In Europe, quite a few employers offer free charging as a means to retain employees.

            Payment at public charging points there is mostly by pay as you charge – with some utilities providing free charging as an incentive (people buy an EV, install a home charger where they have to pay and sometimes use the public one to top up).

            Fossil fuel subsidy (sticking to liquid fuels) can take different forms – the one you mentioned, but also the more indirect forms of cheap drilling licences, favourable tax regimes for oil companies and refineries as well as the legacy cleanup after a filling station or refinery/ oil terminal is closed and the last owner folds (not all that uncommon to have the public foot the cost).

            Then there are the macro- economic implications:
            Most developed countries are net importers of oil and oil products, with significant payment streams going out of the country instead of staying within the economy. While that is ok for value- creating products such as tools, machines and such, it is a problem for pure consumption articles such as fuels. Numbers for Europe: Each day, there are oil imports worth ONE BILLION Euros – with the yearly import bill coming in at around the same height as the whole German state budget. (Gas imports not included in that)

            Securing the import lanes and networks also costs the state.

            I so far deliberately excluded added health& environmental costs, which should be added to the subsidies as well but are difficult to cost accurately.

          • Pedro 11 months ago

            I think you are assuming that some how we will swap our entire ICE vehicles in a very short time frame (a few years perhaps?). I think it will be a gradual process and the big technical challenges you bring up will not really occur. It will be lots of small challenges solved a bit at a time. The EV being charged at home will be done at off peak times when demand is low and power prices are low because we all want to save a buck. Most EV will not require a full battery all the time. Most people will happily drive around on a battery 30-80% full just like i do in my ICE car.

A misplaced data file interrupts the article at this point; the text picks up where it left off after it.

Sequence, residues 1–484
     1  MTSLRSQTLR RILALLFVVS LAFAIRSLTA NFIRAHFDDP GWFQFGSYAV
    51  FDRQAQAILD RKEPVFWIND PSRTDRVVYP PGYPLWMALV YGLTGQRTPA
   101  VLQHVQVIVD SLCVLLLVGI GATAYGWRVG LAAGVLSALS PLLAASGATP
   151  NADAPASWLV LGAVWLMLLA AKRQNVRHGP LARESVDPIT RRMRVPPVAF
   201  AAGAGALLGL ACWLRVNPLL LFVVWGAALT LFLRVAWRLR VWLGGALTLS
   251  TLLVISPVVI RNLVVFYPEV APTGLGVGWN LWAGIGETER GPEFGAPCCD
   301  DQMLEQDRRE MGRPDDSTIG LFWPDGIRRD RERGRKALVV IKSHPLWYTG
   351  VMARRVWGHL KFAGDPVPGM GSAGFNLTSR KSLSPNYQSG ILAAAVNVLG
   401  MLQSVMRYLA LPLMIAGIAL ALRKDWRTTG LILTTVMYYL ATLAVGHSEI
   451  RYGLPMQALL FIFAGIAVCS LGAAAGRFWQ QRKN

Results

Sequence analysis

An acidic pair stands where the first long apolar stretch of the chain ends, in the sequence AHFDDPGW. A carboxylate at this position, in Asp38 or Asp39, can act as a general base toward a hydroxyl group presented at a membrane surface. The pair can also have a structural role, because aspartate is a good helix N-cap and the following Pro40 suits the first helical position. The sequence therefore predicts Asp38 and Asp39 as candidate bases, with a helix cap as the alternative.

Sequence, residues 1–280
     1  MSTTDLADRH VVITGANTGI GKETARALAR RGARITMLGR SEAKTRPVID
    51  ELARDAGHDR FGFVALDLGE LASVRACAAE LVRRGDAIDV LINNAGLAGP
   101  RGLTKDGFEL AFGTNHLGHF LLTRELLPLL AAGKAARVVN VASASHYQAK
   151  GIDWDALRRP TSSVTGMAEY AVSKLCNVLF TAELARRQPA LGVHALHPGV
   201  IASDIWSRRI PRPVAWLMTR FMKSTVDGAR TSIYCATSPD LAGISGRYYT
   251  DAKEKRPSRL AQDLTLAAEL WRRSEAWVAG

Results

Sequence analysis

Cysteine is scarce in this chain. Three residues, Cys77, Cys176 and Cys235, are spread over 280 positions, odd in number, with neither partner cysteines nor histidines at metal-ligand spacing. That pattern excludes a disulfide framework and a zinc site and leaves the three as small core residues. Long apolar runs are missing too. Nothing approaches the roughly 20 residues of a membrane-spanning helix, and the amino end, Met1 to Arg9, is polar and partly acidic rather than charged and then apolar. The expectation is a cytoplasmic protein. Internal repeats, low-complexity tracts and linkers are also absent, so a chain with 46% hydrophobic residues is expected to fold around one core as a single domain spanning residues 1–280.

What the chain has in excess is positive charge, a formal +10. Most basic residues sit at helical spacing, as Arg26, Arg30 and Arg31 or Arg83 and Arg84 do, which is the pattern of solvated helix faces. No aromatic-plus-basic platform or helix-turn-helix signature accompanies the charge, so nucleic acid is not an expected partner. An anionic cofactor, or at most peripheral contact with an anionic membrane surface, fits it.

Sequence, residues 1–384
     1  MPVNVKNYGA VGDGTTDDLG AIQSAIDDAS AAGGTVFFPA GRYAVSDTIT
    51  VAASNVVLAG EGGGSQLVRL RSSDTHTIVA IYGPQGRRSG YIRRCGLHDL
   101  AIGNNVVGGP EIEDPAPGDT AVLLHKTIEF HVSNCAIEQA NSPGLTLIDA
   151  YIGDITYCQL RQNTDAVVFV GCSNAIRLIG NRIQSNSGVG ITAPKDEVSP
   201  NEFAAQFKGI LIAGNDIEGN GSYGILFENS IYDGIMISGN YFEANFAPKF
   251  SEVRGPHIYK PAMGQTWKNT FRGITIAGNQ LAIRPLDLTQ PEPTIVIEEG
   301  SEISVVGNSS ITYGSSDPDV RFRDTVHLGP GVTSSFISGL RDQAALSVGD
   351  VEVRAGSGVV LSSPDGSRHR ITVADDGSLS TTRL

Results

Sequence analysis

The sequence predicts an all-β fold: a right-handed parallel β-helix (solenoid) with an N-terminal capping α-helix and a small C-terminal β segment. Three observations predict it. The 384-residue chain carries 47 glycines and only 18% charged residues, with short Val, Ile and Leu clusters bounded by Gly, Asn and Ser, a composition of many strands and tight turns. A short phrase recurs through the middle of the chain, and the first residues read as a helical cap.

Who needs the government to pay for charging stations. Shopping centers and existing roadhouse petrol stations will put them in when they see they can make a dollar. The charging station will just be another way to get some one to the shops or order coffee and cake.

            As for power infrastructure it can be upgraded if cost effective. you can also charge a battery from another battery at a slightly higher voltage

          • DevMac 11 months ago

            I disagree.

            Obliquely thanks to the gaming of the power infrastructure rules, Australia has gold-plated grid infrastructure vis-a-vis poles-and-wires. Tesla’s big battery has been taking the ‘load’ of frequency issues caused by ups and downs of supply and demand, and more big batteries on the grid will further nullify this is a cause for concern in the future.

            I also don’t understand your “practical stuff” concerns. Charging at public stations would be the same as refuelling at a servo. You pay for the electricity you put into your car. Charging at work will become an ’employee atttracting’ point of difference, but mostly won’t be necessary for the commuter set because they’re mostly not pushing the EV distance limits. Swap and go batteries is not likely to be a thing, and neither does it need to be in the short-mid term. Changing batteries (every x years) is likely to be a ‘major service’ kind of event. Charging lanes on the road, same as Charging at work: not necessary for a majority of commuters.

            We don’t have to solve all the potential problems of EV’s before getting behind them as a concept, because a lot of the potential problems aren’t real-world problems yet. Sure, prepare for them, but don’t do nothing because there aren’t solutions to non-existent problems yet – that’s a good way to see the world pass you by.

    • MikeH 11 months ago

      >this could be the next rooftop solar effect, which is to transfer wealth from low incomes to wealthy incomes

      Yeah. Well that’s bullshit.

      >…the highest uptake of solar PV systems is coming from families, those on low-incomes and with homes of three bedrooms or more,

      https://www.smh.com.au/business/brisbanes-solar-uptake-proves-more-popular-in-less-affluent-outer-suburbs-20170201-gu3fwt.html

      >what are EVs supposed to save us from?

      And a climate crank as well. Did you get lost on your way to a One Nation meeting?

      • RobertO 11 months ago

        Hi MikeH no he just a coal troll

    • Rod 11 months ago

      And you think Government doesn’t subsidise other business?
      Jobs n Growf doesn’t happen on it’s own.

    • Marcus L 11 months ago